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Quote:
Originally Posted by RC0032 View Post
Ohhh chili ....tasty! As for the cut I have no idea. They self butcher and said it was shoulder/back.

Maybe I will freeze it and save it for after Turkey day. Any issues with this?
It's better if you have a foodsaver and you vacuum seal it before freezing, but if not, just get a freezer bag. Shouldn't be any issues as long as you minimize burn. I freeze all mine, but I also foodsave it or, if it comes from the abattoir, it's already vacuum packed.
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Old 11-24-2008, 04:02 PM   #8
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Quote:
Originally Posted by Jester369 View Post
Mmmm... venison chili is so good. Too bad I'm too lazy to go out and drag a deer home
I took 3 of those f*ckers last year, in the span of 30 minutes or so. Talk about a pain in the ass...driving around the field, field-dressing each one, then chucking em in the truck, then taking it to the abattoir. But a freezer full of venison for the year is well worth it.
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.on tap | kegged:
XX: Moss Hollow Springs Sparkling Water 95: Gott Mit Uns German Pils 91b: Brown Willie's Oaked Abbey Ale 103: Merkin Stout
98: Yorkshire Special 100: Maple Porter 89: Cidre Saison 101: Steffiweizen '09 (#3)
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Old 11-24-2008, 05:27 PM   #9
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Default Southern Style Venison Steaks

Quote:
Originally Posted by RC0032 View Post
Im not a hunter but I received a nice venison steak from a friend last night and wanted any input HBT might have on ways to cook it or what beer would pair well. I know nothing about cooking venison other than he said it was VERY lean and dont over cook it. Now I consider myself a competent cook so post up your recipes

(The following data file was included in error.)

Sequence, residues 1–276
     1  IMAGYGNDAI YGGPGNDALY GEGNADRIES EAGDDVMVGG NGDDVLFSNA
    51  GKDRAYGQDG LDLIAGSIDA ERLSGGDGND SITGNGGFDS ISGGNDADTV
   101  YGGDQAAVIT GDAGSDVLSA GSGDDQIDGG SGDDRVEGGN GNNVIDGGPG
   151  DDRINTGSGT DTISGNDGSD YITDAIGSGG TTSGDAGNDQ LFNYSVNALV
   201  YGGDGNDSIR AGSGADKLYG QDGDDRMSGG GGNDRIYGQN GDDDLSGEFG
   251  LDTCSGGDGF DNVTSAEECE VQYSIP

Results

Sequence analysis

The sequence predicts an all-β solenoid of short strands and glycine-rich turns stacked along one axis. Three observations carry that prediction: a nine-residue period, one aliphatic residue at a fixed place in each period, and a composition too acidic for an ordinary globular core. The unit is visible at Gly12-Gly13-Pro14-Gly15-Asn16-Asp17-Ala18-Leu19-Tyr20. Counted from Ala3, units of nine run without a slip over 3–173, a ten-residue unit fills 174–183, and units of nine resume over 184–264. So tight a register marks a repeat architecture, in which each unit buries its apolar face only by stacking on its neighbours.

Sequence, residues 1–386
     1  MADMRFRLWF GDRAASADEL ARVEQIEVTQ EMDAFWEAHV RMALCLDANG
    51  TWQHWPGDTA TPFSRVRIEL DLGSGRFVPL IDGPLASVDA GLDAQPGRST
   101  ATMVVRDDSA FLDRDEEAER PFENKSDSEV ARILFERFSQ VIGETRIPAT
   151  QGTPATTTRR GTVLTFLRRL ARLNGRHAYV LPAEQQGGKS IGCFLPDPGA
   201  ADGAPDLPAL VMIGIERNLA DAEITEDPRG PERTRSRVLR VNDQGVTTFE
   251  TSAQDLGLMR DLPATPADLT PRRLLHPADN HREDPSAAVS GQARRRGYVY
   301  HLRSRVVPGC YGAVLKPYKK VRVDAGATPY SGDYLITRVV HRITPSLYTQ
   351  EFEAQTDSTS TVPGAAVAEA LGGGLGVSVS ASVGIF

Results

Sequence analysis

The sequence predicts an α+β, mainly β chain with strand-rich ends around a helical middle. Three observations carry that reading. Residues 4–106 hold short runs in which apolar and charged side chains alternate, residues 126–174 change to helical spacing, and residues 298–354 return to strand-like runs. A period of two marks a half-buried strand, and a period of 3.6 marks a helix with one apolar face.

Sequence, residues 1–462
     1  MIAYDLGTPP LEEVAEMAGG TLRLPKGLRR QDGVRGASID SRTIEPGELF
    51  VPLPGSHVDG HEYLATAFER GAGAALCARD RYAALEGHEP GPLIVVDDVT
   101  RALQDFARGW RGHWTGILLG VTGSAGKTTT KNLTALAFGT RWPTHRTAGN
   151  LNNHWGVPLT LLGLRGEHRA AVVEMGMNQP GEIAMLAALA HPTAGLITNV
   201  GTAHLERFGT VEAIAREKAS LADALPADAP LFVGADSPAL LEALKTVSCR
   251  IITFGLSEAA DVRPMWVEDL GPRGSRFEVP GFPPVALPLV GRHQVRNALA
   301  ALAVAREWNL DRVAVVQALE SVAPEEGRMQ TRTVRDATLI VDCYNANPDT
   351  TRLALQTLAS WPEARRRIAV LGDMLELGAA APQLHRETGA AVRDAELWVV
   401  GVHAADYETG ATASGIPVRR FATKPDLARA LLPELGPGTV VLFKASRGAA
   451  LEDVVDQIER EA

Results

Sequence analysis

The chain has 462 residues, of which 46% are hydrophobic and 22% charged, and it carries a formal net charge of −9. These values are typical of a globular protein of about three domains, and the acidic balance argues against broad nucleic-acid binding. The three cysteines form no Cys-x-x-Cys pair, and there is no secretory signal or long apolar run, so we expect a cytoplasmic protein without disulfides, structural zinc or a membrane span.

Im thinking a marinade to help with the gammy flavor?
Here is a great recipe for Southern Style Venison Steaks.

Ingredients:
Venison Steaks
Crispy Southern Style Chicken Frying Mix
Butter Milk
Oil or shortening

First take a meat tenderizing hammer and pound the hell out of your venison steaks with the spiked side of the hammer. If you've got inside tenderloins you don't have to do this, but back strap tenderloins or just about any other cut of venison will benefit from a good pounding you're going to cook it steak style. Pound them till they're about 1/4" thick.

Now put some oil or shortening in a frying pan on medium heat, maybe 1/8" of oil. Don't overheat, don't let the oil start to smoke - medium heat only.

Moisten the steaks in Buttermilk then dip your steaks in the Crispy Southern Style Chicken Frying Mix and then add them to frying pan with the hot oil and cook them to medium brown color, turn them over and cook the other side to color. Don't over cook, it doesn't take long - watch what you're doing.

Now when you got your steaks all cooked, pour off most all of the oil, but save maybe 1-2 spoonfuls and don't pour off the little brown bits that are stuck to the bottom of the skillet. Turn the heat down to low, and you should have about 1 cup of the Crispy Southern Style Chicken Frying Mix left. Put that into the skillet, and then add 1 cup of Buttermilk and 1/2 cup water. Whisk it till its smooth, then turn the heat back up to medium/medium high and bring it to a boil, whisking it all the while its heating. Once it gets to a boil, turn it back down to low.

Serve your venison steaks with gravy, biscuits, and black eyed peas.
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Old 11-24-2008, 05:46 PM   #10
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This reminds me of my one time cooking venison a few years ago. My neighbor at the time was a bow hunter & I'd talked to him about how my BIL was a hunter & I wasn't grossed out by the thought of venison, it was just another meat. I came home one night & on the doorstep was a large styrofoam cooler w/ an entire deer leg in it.

I wasn't sure what I could do, not having cooked venison before, but since the neighborhood fall festival was the next day, w/ a chili cookoff, I decided that was the ticket. I butchered it, doctored it, & entered it in the chili cookoff (I did label it, although it was supposed to be a blind testing-I didn't want my neighbors to hate me,if they were bothered by the idea of a venison chili). Although it didn't win top honors, it scored very high, & I utilized the whole leg...it was a very good chili!

Now, I'm waiting for another unexpected gift of venison (none of my new neighbors are hunters) to arrive...